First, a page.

• Clobbers: A comma-separated list of registers or other values changed by the AssemblerTemplate, beyond those listed as outputs. An empty list is permitted.

This is useful for below cases:

  • Move the content of C variable to an ARM register
  • Move the content of an ARM register to a C variable
  • Access assembly instructions that are not readily available to C programs


No extra operand:

__asm volatile("MOV R0, R1");    // is the same as
__asm volatile("MOV R0, R1":::);

With input operand:

int val = 50;
__asm volatile("MOV R0, %0": : "r"(val)); // R0 = 50
__asm volatile("MOV R1, %0": : "i"(50));  // R1 = 50
movs    r3, #50 ; 0x32
mov     r0, r3  ; R0 = R3 = 0x32
movs    r1, #50 ; 0x32

in which:

  • No output operand

  • Input operand is "r"(val) using constraint r meaning Register operand.
    Input operand is "i"(50) using constraint i meaning Immediate value.

    Refer to GCC ASM Contraints

  • %0 is the first place-holder, which will be replaced by val input

With output operand:

int control_reg;
__asm volatile("MRS %0, CONTROL": "=r"(control_reg)); // control_reg = CONTROL
mrs r3, CONTROL     ; R3 = CONTROL
str r3, [r7, #0]    ; store R3 to control_reg at R7+0

With both input and output operand:

int var1=10;
int var2;
__asm volatile("MOV %0, %1": "=r"(var2): "r"(var1)); // var2 = var1
ldr     r3, [r7, #4]    ; load R3 from var1 at R7+4
str     r3, [r7, #0]    ; store R3 to var2 at R7+0

other example:

int p1, *p2;
p2 = (int*) 0x20000000;
__asm volatile("LDR %0, [%1]": "=r"(p1) : "r"(p2)); // pi = *p2
ldr r3, [r7, #4]    ; load R3 from p2 at R7 + 4, its value is an address
ldr r3, [r3, #0]    ; dereference R3, to get value stored at that address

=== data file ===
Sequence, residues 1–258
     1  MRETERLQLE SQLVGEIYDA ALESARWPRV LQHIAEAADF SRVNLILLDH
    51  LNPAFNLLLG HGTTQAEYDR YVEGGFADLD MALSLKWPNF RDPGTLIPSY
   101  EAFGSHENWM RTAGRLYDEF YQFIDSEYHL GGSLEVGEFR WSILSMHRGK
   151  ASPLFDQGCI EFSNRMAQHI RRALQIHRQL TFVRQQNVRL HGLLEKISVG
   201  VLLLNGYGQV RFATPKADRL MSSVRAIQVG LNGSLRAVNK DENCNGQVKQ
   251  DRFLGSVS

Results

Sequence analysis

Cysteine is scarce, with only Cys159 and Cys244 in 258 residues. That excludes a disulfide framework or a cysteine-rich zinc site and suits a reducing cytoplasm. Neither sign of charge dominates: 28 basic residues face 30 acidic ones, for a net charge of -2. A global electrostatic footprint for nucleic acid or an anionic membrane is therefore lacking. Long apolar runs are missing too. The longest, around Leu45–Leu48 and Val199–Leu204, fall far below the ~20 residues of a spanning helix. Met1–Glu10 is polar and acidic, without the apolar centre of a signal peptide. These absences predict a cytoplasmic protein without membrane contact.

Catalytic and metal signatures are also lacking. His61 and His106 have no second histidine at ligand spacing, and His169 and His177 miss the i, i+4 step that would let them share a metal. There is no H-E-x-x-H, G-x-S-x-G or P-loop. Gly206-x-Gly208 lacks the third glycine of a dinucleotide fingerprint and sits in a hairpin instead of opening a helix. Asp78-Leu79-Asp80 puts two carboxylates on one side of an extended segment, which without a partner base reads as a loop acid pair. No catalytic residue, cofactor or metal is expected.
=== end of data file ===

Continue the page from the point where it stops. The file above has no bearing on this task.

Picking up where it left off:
str r3, [r7, #0]    ; store value in R3 to p1 at R7+0

Registers for Local Variables#

You can define a local register variable and associate it with a specified register like this:

register int *foo __asm ("r12"); // foo is R12 register
*foo = 12;
mov  r3, ip          ; copy value of R12 (IP) register to R3
movs r2, #12         ; save 12 to R2
str  r2, [r3, #0]    ; store value in R2 to the address saved in R3 (=R12)

The register keyword is required, and cannot be combined with static. The register name must be a valid register name for the target platform.

Do not use type qualifiers such as const and volatile, as the outcome may be contrary to expectations. In particular, using the volatile qualifier does not fully prevent the compiler from optimizing accesses to the register.

Change the access level#

As mentioned in Access Levels, the application runs in the Privileged level by default. However, you can change the access mode to Unprivileged level.

The CONTROL register has the bit[0] nPRIV to change the access level. To change the CONTROL register, you have to use MRS and MSR assembly instructions.

When application enters the Unprivileged level, application is restricted to use the MSR and MRS instructions, therefore, it can not change the CONTROL register.

The application must use the SVC instruction to make a supervisor call to transfer control to privileged software. The SVC instruction has a number embedded within it, often referred to as the SVC number. On most ARM processors, this is used to indicate the service that is being requested. On microcontroller profiles, the processor saves the argument registers to the stack on the initial exception entry.

The startup file startup_stm32f411retx.s has defined an SVC_Handler() function, so we can override that function to get our code run in privileged level:


void SVC_Handler(void) // reduced handler which ignores SVC number param
    // Move back to Privileged level
    __asm volatile(
        "MRS R0, CONTROL\n\t"   ; Copy CONTROL to R0
        "BIC R0, R0, #1\n\t"    ; Clear bit 0 in R0
        "MSR CONTROL, r0"       ; Store R0 to CONTROL

int main(void) {
    // Move to Unprivileged level
    __asm volatile(
        "MRS R0, CONTROL\n\t"
        "ORR R0, R0, #1\n\t"    ; Set bit 0 in R0
        "MSR CONTROL, r0"

    // Call SVC 0 to rise an interrupt
    __asm volatile("SVC #0")